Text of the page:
China stocks ended slightly lower on Friday, capping a sixth straight week of losses for the Shanghai Composite Index, as industrial profit data added to fears that a recent pick-up in the economy is fizzling out.
The Shanghai Composite Index was fractionally lower at 2,821.05 points, and slipped 0.2 percent for the week.
The index has now has lost more than 8 percent since mid-April.
The blue-chip CSI300 index fell 0.1 percent, to 3,062.50, declining 0.5 percent for the week.
Many investors remained on the sidelines, worried about China’s economic health and the impact of a possible U.S. rate hike as soon as next month. Trading volume in Shanghai shrank to a near five-month low.
Profit growth at China’s industrial firms slowed in April, in line with other data for the month which suggested the economy may be losing steam again after picking up earlier in the year.
Sector performance was mixed, with IT and telecommunications shares rising but energy and healthcare stocks slipping.
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Chinese stocks rose, sending a benchmark index in Hong Kong toward its biggest three-day gain in five months, as the government accelerates measures to support the economy.
The Hang Seng China Enterprises Index climbed 1.2 percent to 8,122.66 at 10:02 a.m., extending gains to 8.1 percent during the three-day rally. Anhui Conch Cement Co. led a rally for building-materials makers. The Shanghai Composite Index swung between gains and losses after the gauge jumped 3.3 percent on Tuesday following data that showed the nation’s banks doled out a record amount of loans in January.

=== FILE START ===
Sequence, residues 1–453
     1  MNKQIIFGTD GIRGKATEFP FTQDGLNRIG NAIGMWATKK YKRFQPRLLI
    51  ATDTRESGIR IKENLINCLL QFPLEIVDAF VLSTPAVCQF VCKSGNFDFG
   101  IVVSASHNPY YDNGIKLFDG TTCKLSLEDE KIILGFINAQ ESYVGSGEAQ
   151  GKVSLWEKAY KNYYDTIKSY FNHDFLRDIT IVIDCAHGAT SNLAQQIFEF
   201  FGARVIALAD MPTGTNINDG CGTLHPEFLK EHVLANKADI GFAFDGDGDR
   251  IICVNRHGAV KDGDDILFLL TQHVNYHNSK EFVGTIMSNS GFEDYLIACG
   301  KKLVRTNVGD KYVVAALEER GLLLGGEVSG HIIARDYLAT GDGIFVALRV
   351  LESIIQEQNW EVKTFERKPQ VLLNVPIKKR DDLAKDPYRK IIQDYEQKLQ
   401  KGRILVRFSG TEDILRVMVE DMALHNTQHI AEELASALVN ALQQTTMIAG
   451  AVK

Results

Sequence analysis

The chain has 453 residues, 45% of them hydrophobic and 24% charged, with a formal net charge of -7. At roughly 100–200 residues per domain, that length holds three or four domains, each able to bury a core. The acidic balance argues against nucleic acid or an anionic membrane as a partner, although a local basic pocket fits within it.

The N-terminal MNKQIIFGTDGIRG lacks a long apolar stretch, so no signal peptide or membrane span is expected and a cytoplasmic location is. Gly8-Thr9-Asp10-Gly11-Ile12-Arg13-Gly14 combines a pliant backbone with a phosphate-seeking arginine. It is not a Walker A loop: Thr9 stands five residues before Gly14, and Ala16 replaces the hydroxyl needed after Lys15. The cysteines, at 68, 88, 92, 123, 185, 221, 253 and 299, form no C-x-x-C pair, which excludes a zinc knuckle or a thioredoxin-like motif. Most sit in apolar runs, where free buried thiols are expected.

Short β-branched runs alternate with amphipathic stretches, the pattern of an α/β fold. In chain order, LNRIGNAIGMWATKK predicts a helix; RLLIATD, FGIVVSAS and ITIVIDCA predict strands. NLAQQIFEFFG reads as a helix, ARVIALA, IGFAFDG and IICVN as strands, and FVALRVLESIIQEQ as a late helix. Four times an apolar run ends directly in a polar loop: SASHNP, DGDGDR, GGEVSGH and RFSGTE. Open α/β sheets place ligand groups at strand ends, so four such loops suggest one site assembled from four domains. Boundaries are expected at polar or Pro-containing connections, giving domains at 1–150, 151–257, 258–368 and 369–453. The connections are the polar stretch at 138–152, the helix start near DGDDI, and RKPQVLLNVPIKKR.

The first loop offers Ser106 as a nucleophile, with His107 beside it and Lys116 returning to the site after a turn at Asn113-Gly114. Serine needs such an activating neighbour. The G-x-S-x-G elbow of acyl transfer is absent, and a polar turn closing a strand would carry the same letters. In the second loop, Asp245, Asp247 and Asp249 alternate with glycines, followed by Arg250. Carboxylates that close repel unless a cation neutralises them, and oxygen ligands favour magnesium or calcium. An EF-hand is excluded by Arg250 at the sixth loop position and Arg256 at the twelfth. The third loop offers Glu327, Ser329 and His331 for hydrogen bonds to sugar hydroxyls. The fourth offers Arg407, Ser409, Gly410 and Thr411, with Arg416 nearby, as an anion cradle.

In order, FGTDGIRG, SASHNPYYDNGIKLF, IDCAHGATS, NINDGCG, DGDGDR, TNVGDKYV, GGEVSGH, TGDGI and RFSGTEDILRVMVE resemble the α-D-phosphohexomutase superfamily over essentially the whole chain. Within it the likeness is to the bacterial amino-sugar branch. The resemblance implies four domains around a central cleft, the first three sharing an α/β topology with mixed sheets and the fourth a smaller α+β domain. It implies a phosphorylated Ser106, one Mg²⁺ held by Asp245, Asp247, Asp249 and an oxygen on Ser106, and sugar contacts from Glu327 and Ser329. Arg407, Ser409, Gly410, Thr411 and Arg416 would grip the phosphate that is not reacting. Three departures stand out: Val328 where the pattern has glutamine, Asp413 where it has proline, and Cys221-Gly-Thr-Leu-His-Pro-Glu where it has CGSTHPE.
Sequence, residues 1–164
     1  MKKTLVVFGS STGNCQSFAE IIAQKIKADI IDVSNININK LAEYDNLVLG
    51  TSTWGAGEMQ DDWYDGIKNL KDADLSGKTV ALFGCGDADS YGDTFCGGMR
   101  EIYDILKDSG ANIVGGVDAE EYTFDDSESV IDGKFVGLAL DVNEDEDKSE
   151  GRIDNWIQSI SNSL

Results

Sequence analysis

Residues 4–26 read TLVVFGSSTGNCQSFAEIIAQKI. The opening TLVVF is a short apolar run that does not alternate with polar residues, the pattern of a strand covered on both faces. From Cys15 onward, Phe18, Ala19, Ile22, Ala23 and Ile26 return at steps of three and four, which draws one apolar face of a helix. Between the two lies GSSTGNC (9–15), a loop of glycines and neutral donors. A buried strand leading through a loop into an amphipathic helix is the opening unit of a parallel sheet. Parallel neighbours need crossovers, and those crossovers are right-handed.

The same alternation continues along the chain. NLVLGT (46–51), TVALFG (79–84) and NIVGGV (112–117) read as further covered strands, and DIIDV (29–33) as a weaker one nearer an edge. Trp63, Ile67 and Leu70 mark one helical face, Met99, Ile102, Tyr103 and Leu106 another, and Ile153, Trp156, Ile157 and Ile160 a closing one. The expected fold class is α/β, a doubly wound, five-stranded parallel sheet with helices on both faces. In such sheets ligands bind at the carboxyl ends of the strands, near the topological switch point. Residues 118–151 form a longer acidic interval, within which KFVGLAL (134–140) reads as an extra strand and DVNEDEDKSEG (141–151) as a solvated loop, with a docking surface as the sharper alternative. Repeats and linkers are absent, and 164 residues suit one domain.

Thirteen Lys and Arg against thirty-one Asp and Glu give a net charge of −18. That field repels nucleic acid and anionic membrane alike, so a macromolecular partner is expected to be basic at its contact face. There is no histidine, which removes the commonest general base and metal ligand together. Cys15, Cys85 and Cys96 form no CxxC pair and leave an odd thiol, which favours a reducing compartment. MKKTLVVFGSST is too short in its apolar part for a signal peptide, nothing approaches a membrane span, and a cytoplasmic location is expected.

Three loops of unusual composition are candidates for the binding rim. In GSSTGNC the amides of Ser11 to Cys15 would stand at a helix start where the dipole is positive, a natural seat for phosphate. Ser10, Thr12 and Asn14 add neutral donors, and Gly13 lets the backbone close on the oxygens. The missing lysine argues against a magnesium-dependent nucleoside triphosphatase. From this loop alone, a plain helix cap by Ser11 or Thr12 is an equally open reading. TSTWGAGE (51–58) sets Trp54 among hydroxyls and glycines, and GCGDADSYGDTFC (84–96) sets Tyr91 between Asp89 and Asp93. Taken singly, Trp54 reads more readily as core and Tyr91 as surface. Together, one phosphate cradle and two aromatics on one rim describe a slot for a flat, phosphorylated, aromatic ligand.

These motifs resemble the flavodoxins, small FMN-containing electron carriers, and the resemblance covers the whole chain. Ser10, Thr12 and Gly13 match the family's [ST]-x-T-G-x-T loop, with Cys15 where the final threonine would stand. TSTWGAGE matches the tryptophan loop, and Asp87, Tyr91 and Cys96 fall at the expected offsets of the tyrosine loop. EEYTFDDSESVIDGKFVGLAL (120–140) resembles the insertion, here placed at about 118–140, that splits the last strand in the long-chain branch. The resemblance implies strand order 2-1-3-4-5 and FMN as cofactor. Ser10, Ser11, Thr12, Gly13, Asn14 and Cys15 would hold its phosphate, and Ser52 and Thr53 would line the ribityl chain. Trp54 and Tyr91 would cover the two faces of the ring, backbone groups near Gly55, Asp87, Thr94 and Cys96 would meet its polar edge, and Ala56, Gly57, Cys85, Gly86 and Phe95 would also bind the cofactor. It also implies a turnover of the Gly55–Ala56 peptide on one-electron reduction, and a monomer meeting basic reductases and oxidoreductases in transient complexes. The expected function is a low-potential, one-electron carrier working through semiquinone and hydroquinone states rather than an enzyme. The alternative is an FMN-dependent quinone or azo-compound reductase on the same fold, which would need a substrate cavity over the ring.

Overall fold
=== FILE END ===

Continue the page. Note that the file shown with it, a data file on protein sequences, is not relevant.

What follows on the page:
China’s chief planning agency is making more money available to local governments to fund new infrastructure projects, according to people familiar with the matter, while the cabinet has discussed lowering the minimum ratio of provisions that banks must set aside for bad loans, a move that would free up additional cash for lending.
The gauge of Chinese shares traded in Hong Kong plunged 49 percent from its May high through last week, sending valuations to record lows. Declines have created bargains, Mark Mobius, the Franklin Resources Inc. money manager who’s been investing in emerging markets for more than four decades, said this week.
Source : Bloomberg